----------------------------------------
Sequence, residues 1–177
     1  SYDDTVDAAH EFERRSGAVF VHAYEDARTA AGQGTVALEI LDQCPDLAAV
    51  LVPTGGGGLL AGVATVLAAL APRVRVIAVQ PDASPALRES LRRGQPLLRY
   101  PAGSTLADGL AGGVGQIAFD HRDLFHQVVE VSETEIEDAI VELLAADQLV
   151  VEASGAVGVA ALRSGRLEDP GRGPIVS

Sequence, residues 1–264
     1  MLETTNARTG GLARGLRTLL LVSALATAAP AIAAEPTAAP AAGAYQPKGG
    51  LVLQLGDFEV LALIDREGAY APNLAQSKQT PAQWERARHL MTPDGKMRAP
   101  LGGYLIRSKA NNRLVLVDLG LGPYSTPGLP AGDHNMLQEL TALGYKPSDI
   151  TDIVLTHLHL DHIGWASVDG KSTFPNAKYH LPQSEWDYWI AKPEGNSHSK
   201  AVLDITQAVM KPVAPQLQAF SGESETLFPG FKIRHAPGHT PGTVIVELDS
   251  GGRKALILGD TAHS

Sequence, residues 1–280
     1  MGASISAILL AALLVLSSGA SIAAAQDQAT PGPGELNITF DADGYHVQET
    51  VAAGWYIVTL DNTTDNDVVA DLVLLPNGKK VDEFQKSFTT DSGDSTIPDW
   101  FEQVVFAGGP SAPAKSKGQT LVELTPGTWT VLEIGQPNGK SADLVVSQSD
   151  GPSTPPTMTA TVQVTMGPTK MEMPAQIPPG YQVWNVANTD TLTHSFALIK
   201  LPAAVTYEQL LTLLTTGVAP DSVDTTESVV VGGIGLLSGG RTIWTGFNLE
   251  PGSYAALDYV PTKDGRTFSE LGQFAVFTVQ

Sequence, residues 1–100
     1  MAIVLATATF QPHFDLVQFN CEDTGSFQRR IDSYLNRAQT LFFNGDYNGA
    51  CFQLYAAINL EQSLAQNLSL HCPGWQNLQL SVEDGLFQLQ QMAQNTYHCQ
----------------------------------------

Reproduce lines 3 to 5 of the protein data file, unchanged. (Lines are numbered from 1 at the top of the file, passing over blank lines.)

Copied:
    51  LVPTGGGGLL AGVATVLAAL APRVRVIAVQ PDASPALRES LRRGQPLLRY
   101  PAGSTLADGL AGGVGQIAFD HRDLFHQVVE VSETEIEDAI VELLAADQLV
   151  VEASGAVGVA ALRSGRLEDP GRGPIVS